Maybe it's time to consider pouring a glass of red wine (or grape juice) and sitting down to enjoy a healthy snack of peanuts, grapes, dark chocolate, cranberries and blueberries along with a dash of cocoa. What do all these delectables have in common? They are sources of resveratrol, a powerful antioxidant that some experts have even touted as a potential fountain of youth.
Resveratrol belongs to a group of compounds, numbering in the thousands, known as polyphenols. These are found in natural plant food sources and are produced, according to medicinenet.com, as one of nature's ways of bolstering a plant's ability to fight off disease.
Polyphenols play a vital part in helping to maintain our health and wellness, as well. They are antioxidants working to guard our cells from free radical damage, which is how we get the claim that these plant-based substances can control the rate at which we age.
Research on resveratrol is incomplete, but enough testing has been done, mostly in animal studies, that shows it can help protect us against the following:
- Heart disease. It is believed to help reduce LDL ("bad" cholesterol) and impede the formation of clots that can lead to a heart attack.
- Diabetes. Resveratrol, per webmd.com, helps prevent insulin resistance, whereby the body becomes less responsive to insulin, a blood sugar-lowering hormone.
- Alzheimer's disease. Might be able to stave off the accumulation of plaque that can be a factor contributing to the disease.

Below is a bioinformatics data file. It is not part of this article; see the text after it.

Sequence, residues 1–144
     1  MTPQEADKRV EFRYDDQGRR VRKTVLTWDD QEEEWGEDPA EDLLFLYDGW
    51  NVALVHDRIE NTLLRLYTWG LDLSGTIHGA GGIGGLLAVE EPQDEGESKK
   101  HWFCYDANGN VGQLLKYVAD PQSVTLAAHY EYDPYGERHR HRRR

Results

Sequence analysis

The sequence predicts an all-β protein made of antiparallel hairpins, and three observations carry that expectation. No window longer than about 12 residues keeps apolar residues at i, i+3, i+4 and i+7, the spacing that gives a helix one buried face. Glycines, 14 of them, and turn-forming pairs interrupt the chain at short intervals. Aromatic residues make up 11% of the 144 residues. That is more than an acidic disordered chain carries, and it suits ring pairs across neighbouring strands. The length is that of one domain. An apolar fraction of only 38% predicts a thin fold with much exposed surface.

- Inflammation. Not only is inflammation a factor in heart disease, there also are potentially fatal inflammatory diseases such as appendicitis and systemic sepsis that can possibly be treated by resveratrol, per articles.mercola.com. According to health expert Dr. Joseph Mercola, resveratrol puts a halt to inflammation by stopping our "body from creating two different molecules known to trigger inflammation – sphingosine kinase and phospholipase D."
One always must be careful when labeling any compound or substance as a "fountain of youth," but a number of experts have put that tag on resveratrol, although it is best not to take that literally.
Resveratrol is most closely affiliated with red wine and grapes, muscadine grapes in particular. This brings us around to what's known as the "French Paradox." What that refers to is a reported tendency for French people to have very good cardiovascular health even though their dietary habits are suspect – French cuisine is known for its finesse and flair, which translates into fatty food on occasion.
Chalk up that paradox thing to their love for red wine, although this is not to be interpreted as a green light for you to stock up on Cabernet Sauvignon or Nebbiolo and start drinking away your evenings to good health. Au contraire. A safer bet is buying some resveratrol supplements and following the directions.
About that purported anti-aging aspect of resveratrol found in red wine, though, CBS News in 2013 came out with a report saying that "Harvard Medical School researchers are saying they have confirmed that compound resveratrol that's found in red wine does provide anti-aging benefits." OK, maybe just a few sips here and there, at most one glass a day for, say, one or two days a week. Please, though – no drinking and driving. That French Paradox does not cover the dangers of being behind the wheel with an excess of that red wine inside of you.